Wednesday, May 11, 2022 [Tweets] [Favorites]

Problems With Promotion-Oriented Cultures

Zach Lloyd (via Hacker News):

If you’re an engineer at Google or Facebook, you’re likely focused on one career question: when am I going to make it to the next level?

Getting to the next level unlocks a lot – more money, more responsibility, more respect, a feeling of progress – and even if you care deeply about other things (your product, your users, etc), you can’t really avoid caring about promotion as well.

[…]

The main problem with promotion-oriented culture is that it’s very hard to align promotion-criteria with business objectives, and so engineers end up doing a lot of work that doesn’t necessarily most benefit the product, users, or business – or even potentially their own growth.

[…]

Our [Google Sheets] engineers cared about the product and wanted to polish it. But they also wanted to be promoted. And so we would deprioritize product polish for projects that looked better to a promotion committee.

xoofoog:

But the root cause isn’t that people want to get promoted. It’s that Google promotes people for the wrong reasons. Put very simply, the problem is that Google promotes people for “solving hard problems” not for solving USEFUL problems.

Imagine if people did get promoted for fixing bugs instead of building a new product (to be abandoned)! Or if maintaining an existing system was somehow on par with building a new system (which is just a bigger more complicated version of something perfectly good). The googler would say “well those useful problems are too easy to merit a promotion.

Previously:

Update (2022-05-19): See also: Hacker News.

4 Comments

Technical promotions are not a matter of "solving hard problems" vs. "solving useful problems". It needs to be both. Fixing a lot of simple bugs is great for customers, but it doesn't demonstrate preparation to be a tech lead of a team. Likewise, building some technical marvel when there was an off-the-shelf solution that would have delivered the needed functionality at a fraction of the cost is even more of a counter-indicator for promotion.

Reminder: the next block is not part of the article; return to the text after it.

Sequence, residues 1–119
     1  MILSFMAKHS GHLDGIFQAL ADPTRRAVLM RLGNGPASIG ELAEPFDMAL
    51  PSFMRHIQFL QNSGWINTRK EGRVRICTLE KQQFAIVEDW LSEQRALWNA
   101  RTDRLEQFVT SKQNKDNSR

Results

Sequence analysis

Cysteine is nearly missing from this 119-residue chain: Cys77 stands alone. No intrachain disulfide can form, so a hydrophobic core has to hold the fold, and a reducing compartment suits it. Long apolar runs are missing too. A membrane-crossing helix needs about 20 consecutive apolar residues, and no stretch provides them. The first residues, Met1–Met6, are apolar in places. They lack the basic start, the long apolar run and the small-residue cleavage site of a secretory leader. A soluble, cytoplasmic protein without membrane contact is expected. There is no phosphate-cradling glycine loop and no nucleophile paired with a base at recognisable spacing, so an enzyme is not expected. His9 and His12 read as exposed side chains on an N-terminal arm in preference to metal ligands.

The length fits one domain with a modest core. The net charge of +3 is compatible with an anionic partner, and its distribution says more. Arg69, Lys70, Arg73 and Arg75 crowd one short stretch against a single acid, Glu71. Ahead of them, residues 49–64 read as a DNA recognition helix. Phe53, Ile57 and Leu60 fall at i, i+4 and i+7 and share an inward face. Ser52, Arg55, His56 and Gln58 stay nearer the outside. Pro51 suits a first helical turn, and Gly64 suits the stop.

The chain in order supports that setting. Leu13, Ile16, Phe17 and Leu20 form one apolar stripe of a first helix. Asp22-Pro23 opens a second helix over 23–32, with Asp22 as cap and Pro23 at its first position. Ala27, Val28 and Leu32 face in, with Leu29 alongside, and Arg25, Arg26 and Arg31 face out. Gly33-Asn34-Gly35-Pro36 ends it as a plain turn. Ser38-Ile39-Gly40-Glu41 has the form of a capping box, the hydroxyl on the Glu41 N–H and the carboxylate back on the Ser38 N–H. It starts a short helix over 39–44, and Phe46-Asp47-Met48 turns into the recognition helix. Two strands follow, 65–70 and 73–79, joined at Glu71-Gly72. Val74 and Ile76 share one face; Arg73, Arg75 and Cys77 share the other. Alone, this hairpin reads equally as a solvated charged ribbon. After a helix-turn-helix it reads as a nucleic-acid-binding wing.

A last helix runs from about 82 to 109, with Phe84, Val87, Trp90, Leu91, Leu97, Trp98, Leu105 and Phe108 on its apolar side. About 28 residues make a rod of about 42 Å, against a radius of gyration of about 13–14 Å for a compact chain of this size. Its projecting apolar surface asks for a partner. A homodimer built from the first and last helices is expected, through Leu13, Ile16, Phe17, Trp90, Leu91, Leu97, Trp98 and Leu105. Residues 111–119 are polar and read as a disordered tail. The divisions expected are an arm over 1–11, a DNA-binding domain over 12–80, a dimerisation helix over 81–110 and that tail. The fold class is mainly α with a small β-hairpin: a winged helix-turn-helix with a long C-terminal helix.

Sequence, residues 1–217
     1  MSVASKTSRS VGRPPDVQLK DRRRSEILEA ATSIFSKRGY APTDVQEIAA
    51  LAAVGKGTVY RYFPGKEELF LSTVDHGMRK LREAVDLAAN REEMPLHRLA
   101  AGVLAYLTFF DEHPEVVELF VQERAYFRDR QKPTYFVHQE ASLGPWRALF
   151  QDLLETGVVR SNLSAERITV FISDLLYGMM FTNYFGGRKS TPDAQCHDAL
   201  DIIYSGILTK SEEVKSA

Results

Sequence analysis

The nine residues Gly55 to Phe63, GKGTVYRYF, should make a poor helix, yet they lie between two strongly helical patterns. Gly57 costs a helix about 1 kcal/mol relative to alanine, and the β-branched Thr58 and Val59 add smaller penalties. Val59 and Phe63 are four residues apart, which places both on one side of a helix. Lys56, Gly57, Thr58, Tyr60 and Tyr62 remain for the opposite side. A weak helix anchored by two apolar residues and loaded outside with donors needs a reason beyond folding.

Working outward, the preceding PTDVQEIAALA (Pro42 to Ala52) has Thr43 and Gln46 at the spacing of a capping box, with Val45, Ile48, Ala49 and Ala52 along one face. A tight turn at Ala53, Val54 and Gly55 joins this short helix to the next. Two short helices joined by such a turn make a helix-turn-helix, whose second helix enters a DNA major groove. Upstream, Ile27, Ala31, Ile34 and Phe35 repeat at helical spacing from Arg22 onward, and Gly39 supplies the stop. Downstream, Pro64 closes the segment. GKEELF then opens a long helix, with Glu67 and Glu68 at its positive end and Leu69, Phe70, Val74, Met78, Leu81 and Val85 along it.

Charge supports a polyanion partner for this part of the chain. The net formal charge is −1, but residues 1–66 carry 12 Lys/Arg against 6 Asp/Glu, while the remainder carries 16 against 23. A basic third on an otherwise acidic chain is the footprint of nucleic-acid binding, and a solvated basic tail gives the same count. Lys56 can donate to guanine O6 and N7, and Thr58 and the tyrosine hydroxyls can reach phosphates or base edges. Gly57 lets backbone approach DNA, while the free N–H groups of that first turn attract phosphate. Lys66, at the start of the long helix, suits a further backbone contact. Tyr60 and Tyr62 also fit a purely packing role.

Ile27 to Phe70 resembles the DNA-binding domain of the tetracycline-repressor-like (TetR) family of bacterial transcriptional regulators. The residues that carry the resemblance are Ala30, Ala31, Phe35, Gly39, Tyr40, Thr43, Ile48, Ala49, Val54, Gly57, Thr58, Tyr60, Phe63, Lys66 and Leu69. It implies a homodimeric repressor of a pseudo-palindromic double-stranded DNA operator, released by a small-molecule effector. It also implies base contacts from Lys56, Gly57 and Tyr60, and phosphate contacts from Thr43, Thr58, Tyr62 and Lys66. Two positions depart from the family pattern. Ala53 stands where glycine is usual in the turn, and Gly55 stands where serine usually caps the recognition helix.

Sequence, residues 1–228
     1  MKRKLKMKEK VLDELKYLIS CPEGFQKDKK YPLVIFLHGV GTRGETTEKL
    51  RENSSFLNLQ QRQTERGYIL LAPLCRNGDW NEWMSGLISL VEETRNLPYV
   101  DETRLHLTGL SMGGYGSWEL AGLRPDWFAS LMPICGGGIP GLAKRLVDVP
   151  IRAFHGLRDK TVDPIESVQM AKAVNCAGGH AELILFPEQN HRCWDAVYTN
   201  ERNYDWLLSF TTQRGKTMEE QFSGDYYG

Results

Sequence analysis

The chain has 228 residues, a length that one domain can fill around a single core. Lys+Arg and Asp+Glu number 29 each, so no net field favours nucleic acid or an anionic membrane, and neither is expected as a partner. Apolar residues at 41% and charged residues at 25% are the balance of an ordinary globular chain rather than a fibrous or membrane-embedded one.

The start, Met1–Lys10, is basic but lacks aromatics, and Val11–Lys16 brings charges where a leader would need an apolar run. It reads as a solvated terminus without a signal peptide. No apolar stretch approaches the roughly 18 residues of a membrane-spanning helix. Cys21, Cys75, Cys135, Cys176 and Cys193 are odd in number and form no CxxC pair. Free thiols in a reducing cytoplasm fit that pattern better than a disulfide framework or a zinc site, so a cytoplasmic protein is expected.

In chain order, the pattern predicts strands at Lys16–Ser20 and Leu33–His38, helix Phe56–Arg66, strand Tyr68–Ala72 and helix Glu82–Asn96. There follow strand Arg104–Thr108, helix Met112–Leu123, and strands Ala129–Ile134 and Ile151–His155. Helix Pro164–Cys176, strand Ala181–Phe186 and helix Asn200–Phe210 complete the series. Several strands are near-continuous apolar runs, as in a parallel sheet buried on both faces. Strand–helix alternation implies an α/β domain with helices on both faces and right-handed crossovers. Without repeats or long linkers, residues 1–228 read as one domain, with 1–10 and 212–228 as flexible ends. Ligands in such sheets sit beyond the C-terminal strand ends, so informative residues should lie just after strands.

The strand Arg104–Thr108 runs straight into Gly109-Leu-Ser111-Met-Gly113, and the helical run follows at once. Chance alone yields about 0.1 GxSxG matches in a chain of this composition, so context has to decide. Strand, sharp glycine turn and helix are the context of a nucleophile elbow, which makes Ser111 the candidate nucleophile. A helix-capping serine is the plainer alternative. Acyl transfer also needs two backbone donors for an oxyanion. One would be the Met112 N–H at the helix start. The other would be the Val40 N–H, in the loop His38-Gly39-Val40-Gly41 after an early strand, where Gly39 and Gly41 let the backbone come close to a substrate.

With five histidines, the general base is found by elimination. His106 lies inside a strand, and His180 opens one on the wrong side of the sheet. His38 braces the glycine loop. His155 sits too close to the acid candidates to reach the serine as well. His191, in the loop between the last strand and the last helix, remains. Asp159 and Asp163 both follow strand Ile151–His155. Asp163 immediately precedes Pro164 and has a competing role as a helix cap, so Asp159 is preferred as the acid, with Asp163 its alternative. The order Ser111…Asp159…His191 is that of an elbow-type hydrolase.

Being able to deliver valuable, high quality, solutions under complex constraints is the key. To evaluate that though, you can't just look at the system delivered, you also have to take into account the constraints, the quality, and the value to customers.

"But the root cause isn’t that people want to get promoted. It’s that Google promotes people for the wrong reasons"

That's kind of a difficult distinction to make, though. Small corporations work based on trust, and an inherent understanding of what everybody else is doing. Once corporations reach a certain scale, you no longer know everybody, so trust tends to be replaced by systems. As soon as you have any kind of system, people have the ability to abuse that system.

You can't have "the right system." No right system exists. Every system has rules people must follow to be successful, and these rules never fully align with the goals of the company, so there is always incentive to prioritize individual success over company success.

One thing at Google is that it is incredibly difficult to get people to help you out with a problem, even if it is obviously beneficial to the company to collaborate on that problem. "Helping somebody else get their shit done" is not a valuable promotion criteria, so people tend to avoid doing it. But let's say you make it valuable. Now you've incentivized people to deprioritize their own work, which is also not what you want.

All of these trust replacement systems are inherently dysfunctional.

John Dallman

It seems to me that this problem is caused by confusion over the objective of cultivating your employee pool. Is the objective to get engineering done, or to create team leaders? Those aren't quite the same thing.

I work for a European-owned company, where engineers can become very senior and well-paid without becoming team leaders. There's a separate track for people who want to become team leaders and managers, and you can move between them. This means that senior engineers can be managed by people of lower grade who are paid less than them, but nobody has a problem with that.

Yes, I think David Graeber had something to say about that, didn't he?

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